His and her healthcare

15 October 2016

9:00 AM

15 October 2016

9:00 AM

When I started this book, I have to admit, I did not think it would be as absolutely fascinating as it turned out to be. It’s by a professor of obstetrics and gynaecology, and it’s about the medical differences between men and women. There are lots of medical differences between men and women — something doctors in general should bear in mind during treatment. But they don’t, says Dr Glezerman — or, at least, not enough.

This is all in the realm of the fairly interesting. Men and women are hormonally different from each other, they store fat differently, their brains are not quite the same, they respond to heat and cold in slightly different ways, they are affected by anxiety and depression and cancer and heart disease in different ways, their immune systems are not exactly the same, their muscle mass is different. Women are born with a finite number of eggs. Men produce billions of sperm every day. They shoot them out. And so on.

I was expecting a whole lot of medical information in this vein — information about men and women, and about diseases, and about how the diseases harm men and women in different ways. And, to a large extent, this is what I found.

Take colon cancer. The passage of food through the (pre-menopausal) female colon is slower than the equivalent journey through its male counterpart. ‘Thus small amounts of blood which would be indicative of pathology in the colon, including cancer, also remain longer in the large intestines before being expelled.’ In other words, you might be looking for blood in the female stool. And you might not find it. But just because it’s not there now doesn’t mean it wasn’t there at some point in the recent past. And some doctors may not factor this in.

Now let’s think about heart attacks. Doctors know what to look out for: the chest pains, the ‘radiating’ pains in the shoulder and arm. But ‘the problem is that among 20 per cent of women, heart attacks look completely different’. In these cases, the symptoms develop more slowly. There might be less chest pain and more shortness of breath. The pain might be in ‘the neck or the jaw’ rather than the arm or the shoulder. If a doctor is looking for ‘classic’ male symptoms, the patient might not be diagnosed in time.

Another thing to look out for is ‘broken heart syndrome’, or Takotsubo Cardio-myopathy, a condition which can happen to postmenopausal women, and which ‘imitates the classic symptoms of heart attack’. You might think that the woman is having a heart attack. But there’s ‘no blockage of the cardiac blood vessels’; rather, the organ failure is caused by a ‘sudden flooding of stress hormones’. This, apparently, makes the heart look like the type of pots used by Japanese fisherman when trying to catch octopuses (tako = octupus; tsubo = pot, Glezerman explains).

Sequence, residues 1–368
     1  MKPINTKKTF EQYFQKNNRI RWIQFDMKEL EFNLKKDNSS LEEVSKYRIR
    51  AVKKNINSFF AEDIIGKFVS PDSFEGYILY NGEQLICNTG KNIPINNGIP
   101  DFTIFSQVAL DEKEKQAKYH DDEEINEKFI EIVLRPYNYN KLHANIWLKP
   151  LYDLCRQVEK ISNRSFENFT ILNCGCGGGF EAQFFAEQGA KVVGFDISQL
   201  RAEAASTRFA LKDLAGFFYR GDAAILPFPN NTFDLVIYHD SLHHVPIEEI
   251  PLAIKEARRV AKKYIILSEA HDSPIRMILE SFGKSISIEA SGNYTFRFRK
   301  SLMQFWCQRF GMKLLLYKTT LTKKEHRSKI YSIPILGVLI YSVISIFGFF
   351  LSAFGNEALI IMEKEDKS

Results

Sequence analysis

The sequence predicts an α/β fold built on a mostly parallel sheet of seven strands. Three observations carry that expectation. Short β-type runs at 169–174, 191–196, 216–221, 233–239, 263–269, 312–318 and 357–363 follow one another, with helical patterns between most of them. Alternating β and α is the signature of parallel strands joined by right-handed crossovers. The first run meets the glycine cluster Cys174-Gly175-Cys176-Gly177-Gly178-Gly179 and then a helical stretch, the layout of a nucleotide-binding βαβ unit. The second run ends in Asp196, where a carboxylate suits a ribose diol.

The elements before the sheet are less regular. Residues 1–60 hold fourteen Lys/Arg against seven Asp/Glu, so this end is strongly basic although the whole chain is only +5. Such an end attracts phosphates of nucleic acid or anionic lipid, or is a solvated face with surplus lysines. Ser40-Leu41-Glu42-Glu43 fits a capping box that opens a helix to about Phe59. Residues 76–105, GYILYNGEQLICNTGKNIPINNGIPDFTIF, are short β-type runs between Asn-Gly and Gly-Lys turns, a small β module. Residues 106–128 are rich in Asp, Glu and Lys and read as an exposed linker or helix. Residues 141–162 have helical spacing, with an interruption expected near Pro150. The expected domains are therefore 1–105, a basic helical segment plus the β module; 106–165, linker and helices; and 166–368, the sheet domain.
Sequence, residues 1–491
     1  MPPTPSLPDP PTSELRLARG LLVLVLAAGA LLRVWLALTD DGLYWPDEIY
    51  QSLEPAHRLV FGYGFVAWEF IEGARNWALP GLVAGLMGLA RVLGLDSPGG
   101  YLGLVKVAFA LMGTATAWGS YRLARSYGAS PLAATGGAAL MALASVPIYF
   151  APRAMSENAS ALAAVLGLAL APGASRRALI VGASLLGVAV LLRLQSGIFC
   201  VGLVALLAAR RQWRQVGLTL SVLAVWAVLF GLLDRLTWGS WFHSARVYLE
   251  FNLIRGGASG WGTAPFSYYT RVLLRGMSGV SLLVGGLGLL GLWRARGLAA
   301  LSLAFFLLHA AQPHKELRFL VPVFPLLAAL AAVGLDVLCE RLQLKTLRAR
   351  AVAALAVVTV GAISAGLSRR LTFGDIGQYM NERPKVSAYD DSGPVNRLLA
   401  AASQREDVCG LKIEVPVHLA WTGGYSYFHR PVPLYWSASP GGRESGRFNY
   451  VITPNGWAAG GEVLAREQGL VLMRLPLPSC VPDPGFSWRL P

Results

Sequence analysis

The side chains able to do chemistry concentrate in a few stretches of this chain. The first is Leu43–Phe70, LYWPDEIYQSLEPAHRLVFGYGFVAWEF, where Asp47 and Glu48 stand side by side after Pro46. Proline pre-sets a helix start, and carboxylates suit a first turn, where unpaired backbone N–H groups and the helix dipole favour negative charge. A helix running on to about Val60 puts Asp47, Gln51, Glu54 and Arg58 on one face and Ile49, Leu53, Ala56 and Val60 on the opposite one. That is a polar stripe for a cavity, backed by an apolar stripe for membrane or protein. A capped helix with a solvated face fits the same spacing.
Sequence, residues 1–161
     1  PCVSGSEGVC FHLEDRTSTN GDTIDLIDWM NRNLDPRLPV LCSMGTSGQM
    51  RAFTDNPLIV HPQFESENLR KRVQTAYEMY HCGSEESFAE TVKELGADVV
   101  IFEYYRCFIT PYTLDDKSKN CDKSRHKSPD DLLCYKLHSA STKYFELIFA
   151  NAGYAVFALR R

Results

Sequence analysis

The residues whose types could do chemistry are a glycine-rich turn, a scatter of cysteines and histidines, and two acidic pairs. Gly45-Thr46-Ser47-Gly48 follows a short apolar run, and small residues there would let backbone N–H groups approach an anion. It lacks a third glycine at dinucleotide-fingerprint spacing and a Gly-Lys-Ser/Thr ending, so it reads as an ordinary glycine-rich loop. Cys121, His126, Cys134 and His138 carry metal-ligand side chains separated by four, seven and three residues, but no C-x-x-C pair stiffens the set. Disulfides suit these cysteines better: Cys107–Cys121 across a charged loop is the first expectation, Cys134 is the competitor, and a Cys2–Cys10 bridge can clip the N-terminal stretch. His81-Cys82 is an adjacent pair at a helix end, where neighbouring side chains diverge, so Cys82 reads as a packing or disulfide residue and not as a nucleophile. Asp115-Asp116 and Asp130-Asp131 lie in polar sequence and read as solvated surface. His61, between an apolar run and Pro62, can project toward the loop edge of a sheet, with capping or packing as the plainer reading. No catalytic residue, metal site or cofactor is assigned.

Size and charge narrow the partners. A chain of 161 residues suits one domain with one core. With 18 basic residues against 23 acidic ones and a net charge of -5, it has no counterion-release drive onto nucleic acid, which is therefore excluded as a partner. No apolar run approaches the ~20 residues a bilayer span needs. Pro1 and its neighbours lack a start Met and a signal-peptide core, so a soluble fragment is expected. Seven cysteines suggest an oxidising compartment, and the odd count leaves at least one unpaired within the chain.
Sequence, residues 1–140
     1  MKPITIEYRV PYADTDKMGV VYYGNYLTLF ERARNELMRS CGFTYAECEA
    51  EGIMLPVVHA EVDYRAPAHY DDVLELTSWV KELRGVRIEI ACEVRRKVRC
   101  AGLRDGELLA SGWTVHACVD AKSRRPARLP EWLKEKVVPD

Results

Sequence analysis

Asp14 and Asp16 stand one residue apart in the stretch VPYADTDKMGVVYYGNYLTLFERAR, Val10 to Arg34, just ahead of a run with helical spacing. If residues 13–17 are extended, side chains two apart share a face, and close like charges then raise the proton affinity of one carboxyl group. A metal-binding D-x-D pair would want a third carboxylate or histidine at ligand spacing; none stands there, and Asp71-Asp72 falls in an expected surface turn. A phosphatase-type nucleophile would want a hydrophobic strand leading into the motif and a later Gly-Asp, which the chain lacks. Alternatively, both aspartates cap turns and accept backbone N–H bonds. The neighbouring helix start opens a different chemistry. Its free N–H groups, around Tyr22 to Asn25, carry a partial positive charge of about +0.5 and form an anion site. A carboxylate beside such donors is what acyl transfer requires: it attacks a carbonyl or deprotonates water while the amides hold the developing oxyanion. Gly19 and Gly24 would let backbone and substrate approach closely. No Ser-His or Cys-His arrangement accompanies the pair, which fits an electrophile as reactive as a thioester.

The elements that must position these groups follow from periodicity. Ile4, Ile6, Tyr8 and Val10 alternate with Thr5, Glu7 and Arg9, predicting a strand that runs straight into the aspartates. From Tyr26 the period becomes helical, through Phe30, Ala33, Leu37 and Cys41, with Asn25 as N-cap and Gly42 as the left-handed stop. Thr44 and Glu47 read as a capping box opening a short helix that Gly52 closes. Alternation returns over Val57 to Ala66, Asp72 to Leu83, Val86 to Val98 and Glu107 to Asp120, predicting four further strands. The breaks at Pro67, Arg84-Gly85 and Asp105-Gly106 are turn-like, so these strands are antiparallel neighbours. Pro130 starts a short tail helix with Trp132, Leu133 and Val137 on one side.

This is all very good. But there is something deeper here. Glezerman tries to imagine the lives of ancestral men and women. When they hunted, men would need to stay silent, unless they had something ‘essential’ to say. Women, on the other hand, out gathering stuff, would be happy to communicate volubly with each other. It turns out that women have developed more language centres in their brains, which is why they are linguistically adept, and also why they sometimes recover well from strokes.

Also, because women need to live in close contact with snotty children, the female immune system has to be ‘more robust’. But if this is a blessing, it can also be a curse, because a powerful immune system sometimes ‘goes rogue’, and causes autoimmune diseases, such as fibromyalgia and lupus.

Glezerman is great on pregnancy. He describes the voyage of ejaculated sperm particularly well — billions of swimmers, travelling what must seem like an immense distance, with almost no hope of success, in thrall to the huge egg. And why are more girls born during times of great hardship? This is the Trivers-Williard effect, in which weaker male fetuses spontaneously abort, the suggestion being that weak males are less likely to reproduce than weak females.

A medical book, then, with the added benefit of making you think on a deeper level. It’s full of facts. For instance: when women are ovulating, their saliva tastes sweeter. When women smoke, they are more likely than men to get colon cancer. Women’s thumbs are more mobile than men’s thumbs. Women get more strokes than men, but fewer heart attacks.

But it makes you think in a more philosophical way, too. Sperm, you think. Eggs, you think. Pregnancy. Evolution. The whole caboodle.

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